When we broaden our minds, we broaden our horizons!

A book for young readers, ages 7-10 is "If You Lived When Women Won Their Rights," by Anne Kamma.  http://www.amazon.com/Lived-When-Women-Their-Rights/dp/0439748690

A great website to visit is www.nwhm.org The National Women's History Museum, whose mission it is to educate, inspire, empower, and shape the future by integrating women's history into the culture and history of the United States.

In examining women's history, we recognize that African women were brought to this country to work for no pay.  Even with ratification of the 13th amendment in 1865, which put an end to slavery in America, it wasn’t until 1868 that freed slaves were granted citizenship and protection under the law.  The African American woman’s reality has been much different than the white woman’s experience.      

1800s -- Once a woman was married, she relinquished all rights to her property.  She could not sign legal documents or be guardian to her own children.  Elizabeth Packard, among others, worked tirelessly for women's property rights and the rights of the mentally ill; culminating in The Packard Laws.

1848 -- Women's Rights Convention held in Seneca Falls, NY, organized by Elizabeth Cody Stanton and Lucretia Mott, officially kicked off the first women's rights movement.

1917 - 1918 -- U.S. participation in WW I.   In 1918, in a speech before Congress, President Woodrow Wilson spoke in support of women's suffrage, "We have made partners of the women in this war...shall we admit them only to a participation of suffering, sacrifice, and toil and not to a partnership of privilege and right?" (Reference: history-dot-com

1920 -- Nineteenth Amendment to the U.S. Constitution passed giving women the right to vote.

1941 - 1945 -- U.S. participation in WWII.  Women were told it was their patriotic duty to take up jobs vacated by men who had gone off to war (the fictional image of Rosie the Riveter became a symbol of loyal, patriotic women doing their part for the war).  Government-subsidized daycare became available to enable women with children to work.  At the end of the war, women were told it was time to return to their homes; the men returning from war would need their jobs back.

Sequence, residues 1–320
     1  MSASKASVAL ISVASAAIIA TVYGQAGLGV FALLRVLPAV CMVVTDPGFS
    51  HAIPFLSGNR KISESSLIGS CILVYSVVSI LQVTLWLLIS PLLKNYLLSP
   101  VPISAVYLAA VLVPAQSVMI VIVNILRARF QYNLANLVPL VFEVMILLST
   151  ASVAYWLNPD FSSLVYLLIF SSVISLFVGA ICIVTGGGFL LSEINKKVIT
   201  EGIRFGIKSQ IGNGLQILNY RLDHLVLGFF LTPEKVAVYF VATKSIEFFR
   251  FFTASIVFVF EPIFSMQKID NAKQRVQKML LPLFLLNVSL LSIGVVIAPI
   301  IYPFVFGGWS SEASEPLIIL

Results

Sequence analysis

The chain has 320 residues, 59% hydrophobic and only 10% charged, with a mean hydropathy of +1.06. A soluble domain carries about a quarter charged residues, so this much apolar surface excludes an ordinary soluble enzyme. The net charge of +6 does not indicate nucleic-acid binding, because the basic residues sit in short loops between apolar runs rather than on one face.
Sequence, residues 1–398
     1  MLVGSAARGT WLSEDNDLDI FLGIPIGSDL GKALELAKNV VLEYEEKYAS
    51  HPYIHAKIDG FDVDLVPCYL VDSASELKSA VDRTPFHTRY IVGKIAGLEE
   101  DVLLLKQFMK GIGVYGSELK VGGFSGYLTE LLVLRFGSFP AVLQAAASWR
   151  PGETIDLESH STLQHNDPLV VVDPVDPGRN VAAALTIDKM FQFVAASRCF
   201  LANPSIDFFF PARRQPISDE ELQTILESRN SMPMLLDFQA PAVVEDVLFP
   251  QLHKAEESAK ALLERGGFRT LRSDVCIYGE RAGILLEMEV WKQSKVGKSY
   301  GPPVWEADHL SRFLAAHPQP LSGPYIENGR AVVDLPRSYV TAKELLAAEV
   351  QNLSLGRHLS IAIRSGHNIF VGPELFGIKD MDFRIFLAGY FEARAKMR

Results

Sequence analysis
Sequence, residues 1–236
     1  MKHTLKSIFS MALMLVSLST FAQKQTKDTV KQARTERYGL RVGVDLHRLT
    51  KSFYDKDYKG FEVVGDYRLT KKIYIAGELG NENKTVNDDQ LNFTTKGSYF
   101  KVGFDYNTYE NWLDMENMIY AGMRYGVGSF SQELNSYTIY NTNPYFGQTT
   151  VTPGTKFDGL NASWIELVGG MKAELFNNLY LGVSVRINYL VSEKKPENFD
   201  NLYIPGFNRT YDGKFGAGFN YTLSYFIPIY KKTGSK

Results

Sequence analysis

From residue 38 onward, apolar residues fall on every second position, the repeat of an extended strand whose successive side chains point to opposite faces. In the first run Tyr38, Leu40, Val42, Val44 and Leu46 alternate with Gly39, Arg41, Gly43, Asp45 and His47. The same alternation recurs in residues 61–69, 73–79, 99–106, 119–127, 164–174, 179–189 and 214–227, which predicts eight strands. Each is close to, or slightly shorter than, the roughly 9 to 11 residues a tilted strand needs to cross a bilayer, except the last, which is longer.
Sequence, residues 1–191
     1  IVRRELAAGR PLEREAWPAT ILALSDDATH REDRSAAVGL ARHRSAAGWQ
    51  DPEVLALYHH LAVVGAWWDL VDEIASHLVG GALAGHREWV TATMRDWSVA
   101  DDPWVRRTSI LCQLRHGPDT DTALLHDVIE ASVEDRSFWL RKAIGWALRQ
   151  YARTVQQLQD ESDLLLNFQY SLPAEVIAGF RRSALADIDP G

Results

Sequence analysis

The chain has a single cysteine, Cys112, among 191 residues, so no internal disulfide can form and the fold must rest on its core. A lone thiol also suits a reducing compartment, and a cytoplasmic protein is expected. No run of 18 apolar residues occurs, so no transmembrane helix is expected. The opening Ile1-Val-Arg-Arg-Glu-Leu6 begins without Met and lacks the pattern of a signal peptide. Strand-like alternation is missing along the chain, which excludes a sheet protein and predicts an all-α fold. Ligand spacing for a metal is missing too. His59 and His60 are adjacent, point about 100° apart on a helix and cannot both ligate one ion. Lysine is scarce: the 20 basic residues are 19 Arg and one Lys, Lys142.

1949 -- Simone de Beauvoir published The Second Sex -- a powerful analysis of women as second class citizens, expressing ambivalence about "limitations imposed upon woman by her sex." 

1960 -- Legalization of birth control pill, fueling a wave of women able to pursue careers unpunctuated by pregnancy.

1963 -- Equal Pay Act; prohibiting employers from paying women less than men for the same work.  Equal pay for equal work. (Note: the gap remains.)

1964 -- Civil Rights Act; prohibiting discrimination in employment based on "race" or "sex" (their words, not mine...I prefer "gender" and "ethnicity"..there is but one race, the human race). EEOC established to enforce the law.

1963 -- Betty Friedan published The Feminine Mystique which described women's restlessness with being confined to the domestic realm; fueling the second women's rights movement. Since this movement left out non-white, young, LGBTQA women, a "Third Wave" women's movement began in the 1970s.

1973 -- Roe v. Wade, The Supreme Court ruled that the states were forbidden from outlawing or regulating any aspect of abortion during the first trimester of pregnancy.

1976 -- The first marital rape law in enacted in Nebraska, making it illegal for a husband to rape his wife.

1994 -- Violence Against Women Act -- see this White House fact sheet for more info.

Note: The above is not meant to be an exhaustive list; it is an attempt to highlight how women's rights have evolved in the U.S.